Also, apologies, as none of the food photos here are manicured and fluffed for mass audience. Taking pictures while simultaneously trying to stuff your face with flaky, buttery chapati bread and spicy, soupy bits of curried long beans and pumpkin is no easy feat. There’s a reason why roti isn’t an Instagram or Pinterest darling – every time I ate it, I pretty much blacked out and came to five minutes later covered in lentils. I assume this is normal.
We ate at Roopram twice during our stay in Paramaribo, and would have eaten there more had it not been for their offbeat opening hours. Offbeat, in this case, means that the day of the week doesn’t appear to correlate with established opening hours. More of a day by day type of multi-location, super famous restaurant operation.
Joosje was our go-to evening meal-roti spot. To be frank, this was born from necessity, as Roopram was closed when showing up for our normal Early Bird Special at around 5:30 after a few djogo of Parbo poolside. We preferred the food at Roopram, BUT, the food was quicker at Joosje, and they serve beer there.
Good thing the two are only a five minute walk from each other.
The immediate environs of Joosje were a notch up from those around Roopram. Paramaribo is low key on the whole, but the further you are away from the Dutch tourist core around the Grand Torarical Hotel and the Waterkant, the more low-key it gets. To walk from our hotel (The Greenheart – seriously, stay there) took us around the sparkly Dutch bits, past the casinos representative of the grittier side (think…Vegas meets Heart of Darkness) of tourism in the country. The Paramaribo Princess Casino lacked a certain luster of another time, but neon is a people-pleaser, and the building is photogenic.
After you clean yourself up from the main event (Joosje has wet wipes), take an immediate left outside the building. Follow this with another left on Keizerstraat, and you’ll be greeted by one of Paramaribo’s most famous, and certainly most interesting sights: the immediately juxtaposed Keizerstraat Mosque and Beth Neveh Shalom Synagogue. These two buildings are one of only two places in the world where a mosque and synagogue share such intimate space, the other in Hebron, Palestine. A walk by these two religions, historically linked with such enmity, and their places of worship seems a particularly fitting end to a meal combining foods from cultures that serendipitously (OK, or thanks to colonialism) ended up cohabitating a place so distant from their respective places of origin.
In synopsis, in Paramaribo, there’s no reason to go hangry. Especially for vegetarians, for whom hot weather veggies like long beans, potatoes, and pumpkin are available in spades. In fact, I can’t speak for any of the meatier options of these two restaurants, never venturing beyond chicken. An aside: Roti could potentially not be great for those who are spice-averse. My spice receptors are dull from eating gochujang 24/7 for the two years I lived in Korea, so I found the spice to be pretty tame. Chances are, if you look like a tourist, you’ll get Gringo spice anyway. Like spice? Ask for a side of peppers – scotch bonnets are locally grown in Suriname, and a side of pulverized, slightly pickled peppers is a great way to give your roti an extra little kick. In your face.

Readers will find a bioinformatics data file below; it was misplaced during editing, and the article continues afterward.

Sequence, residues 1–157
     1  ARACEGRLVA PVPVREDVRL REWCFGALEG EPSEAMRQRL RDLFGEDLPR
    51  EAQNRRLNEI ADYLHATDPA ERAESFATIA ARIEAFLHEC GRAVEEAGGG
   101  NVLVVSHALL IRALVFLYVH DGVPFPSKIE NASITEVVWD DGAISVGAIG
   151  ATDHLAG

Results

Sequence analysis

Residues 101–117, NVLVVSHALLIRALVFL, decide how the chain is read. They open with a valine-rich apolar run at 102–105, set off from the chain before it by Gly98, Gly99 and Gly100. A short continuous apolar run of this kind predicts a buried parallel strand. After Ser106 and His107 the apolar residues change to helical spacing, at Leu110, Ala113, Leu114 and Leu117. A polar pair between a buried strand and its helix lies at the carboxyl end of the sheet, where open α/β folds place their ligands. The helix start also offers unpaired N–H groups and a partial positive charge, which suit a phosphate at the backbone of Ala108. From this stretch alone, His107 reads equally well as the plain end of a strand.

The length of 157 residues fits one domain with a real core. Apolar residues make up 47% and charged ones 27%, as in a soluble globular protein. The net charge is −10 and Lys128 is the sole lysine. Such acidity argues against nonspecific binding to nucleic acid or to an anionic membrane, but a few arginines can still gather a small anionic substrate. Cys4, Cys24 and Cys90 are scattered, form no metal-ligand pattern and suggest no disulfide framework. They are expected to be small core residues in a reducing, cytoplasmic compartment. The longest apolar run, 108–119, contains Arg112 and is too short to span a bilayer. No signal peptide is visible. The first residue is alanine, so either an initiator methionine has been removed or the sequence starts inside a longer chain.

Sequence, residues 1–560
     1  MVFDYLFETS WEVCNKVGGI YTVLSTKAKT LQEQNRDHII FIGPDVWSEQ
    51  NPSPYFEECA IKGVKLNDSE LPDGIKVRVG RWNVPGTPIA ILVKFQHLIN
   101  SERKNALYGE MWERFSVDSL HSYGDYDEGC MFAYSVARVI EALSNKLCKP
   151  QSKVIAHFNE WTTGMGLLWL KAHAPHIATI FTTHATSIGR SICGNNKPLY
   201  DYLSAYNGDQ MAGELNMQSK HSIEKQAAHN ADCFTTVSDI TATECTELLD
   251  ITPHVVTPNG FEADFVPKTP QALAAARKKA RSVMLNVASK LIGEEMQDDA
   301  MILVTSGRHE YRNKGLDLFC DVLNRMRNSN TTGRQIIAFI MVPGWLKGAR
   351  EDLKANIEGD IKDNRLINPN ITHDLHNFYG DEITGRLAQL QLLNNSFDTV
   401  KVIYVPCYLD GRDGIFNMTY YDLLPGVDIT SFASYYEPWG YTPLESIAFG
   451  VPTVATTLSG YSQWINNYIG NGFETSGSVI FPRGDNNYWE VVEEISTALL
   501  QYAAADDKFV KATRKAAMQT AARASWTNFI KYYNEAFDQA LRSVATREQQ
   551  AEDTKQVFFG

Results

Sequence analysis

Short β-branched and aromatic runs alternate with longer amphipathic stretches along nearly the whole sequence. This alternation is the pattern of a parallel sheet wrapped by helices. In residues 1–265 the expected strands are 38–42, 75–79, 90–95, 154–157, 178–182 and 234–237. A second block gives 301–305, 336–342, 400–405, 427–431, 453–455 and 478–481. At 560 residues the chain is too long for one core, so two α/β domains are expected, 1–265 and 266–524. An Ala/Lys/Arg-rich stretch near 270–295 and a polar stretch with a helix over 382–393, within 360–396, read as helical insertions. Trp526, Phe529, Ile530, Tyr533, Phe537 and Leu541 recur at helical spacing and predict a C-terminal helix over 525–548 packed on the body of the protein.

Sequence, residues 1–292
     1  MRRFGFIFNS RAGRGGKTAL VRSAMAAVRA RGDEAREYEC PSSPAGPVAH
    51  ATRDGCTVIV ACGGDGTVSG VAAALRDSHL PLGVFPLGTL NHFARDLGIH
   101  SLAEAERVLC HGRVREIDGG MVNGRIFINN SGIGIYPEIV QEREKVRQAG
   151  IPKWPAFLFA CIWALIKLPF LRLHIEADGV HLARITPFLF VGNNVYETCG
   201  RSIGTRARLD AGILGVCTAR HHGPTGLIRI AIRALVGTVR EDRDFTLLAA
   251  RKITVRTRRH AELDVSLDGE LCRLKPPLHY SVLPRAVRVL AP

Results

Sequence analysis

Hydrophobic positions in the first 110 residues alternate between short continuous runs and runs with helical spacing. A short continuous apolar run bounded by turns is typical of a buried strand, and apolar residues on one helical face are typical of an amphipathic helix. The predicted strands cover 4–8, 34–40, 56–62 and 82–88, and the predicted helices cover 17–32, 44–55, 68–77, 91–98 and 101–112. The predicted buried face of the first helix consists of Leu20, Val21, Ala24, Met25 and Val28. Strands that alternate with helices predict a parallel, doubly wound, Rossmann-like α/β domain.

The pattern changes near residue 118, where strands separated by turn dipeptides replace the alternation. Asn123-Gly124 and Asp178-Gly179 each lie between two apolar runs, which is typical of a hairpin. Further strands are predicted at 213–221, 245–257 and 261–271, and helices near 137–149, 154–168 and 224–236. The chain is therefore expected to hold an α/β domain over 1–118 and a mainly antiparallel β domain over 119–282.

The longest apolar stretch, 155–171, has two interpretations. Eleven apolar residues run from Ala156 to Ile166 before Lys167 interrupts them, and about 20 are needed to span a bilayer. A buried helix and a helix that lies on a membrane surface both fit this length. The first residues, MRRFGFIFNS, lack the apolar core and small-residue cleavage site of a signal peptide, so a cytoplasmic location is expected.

A great addition in both restaurants is what looks like a gym bathroom sink – a column holding a circular ring of spouts surrounded by a plastic washbasin. While Grand Roopram had a restroom, Joosje did not, and the communal public sink was necessary for a proper and relatively hygienic roti-eating. Try eating with your hands! It’s how the locals do it, despite being a messy affair. We both made multiple trips to the sink to wash up during our meals, and had to use our own hankies as napkins to avoid embarrassment around asking for more paper products from the restaurant staff.
The food in Suriname, and the extraordinary history and circumstances that birthed it, was such a wonderful surprise. Next in this series will be an exploration of the Javanese warungs (mom and pop food joints) in the Commewijne District (just across the Suriname River from Paramaribo) in coming weeks. I’ve also solicited advice across the web for more recommendations of smaller, family run roti shops in Paramaribo, and will be sure to update this post with additional information as it is received.
And to my friends in Suriname, if you have recommendations for roti shops, leave their name and location in the comments section!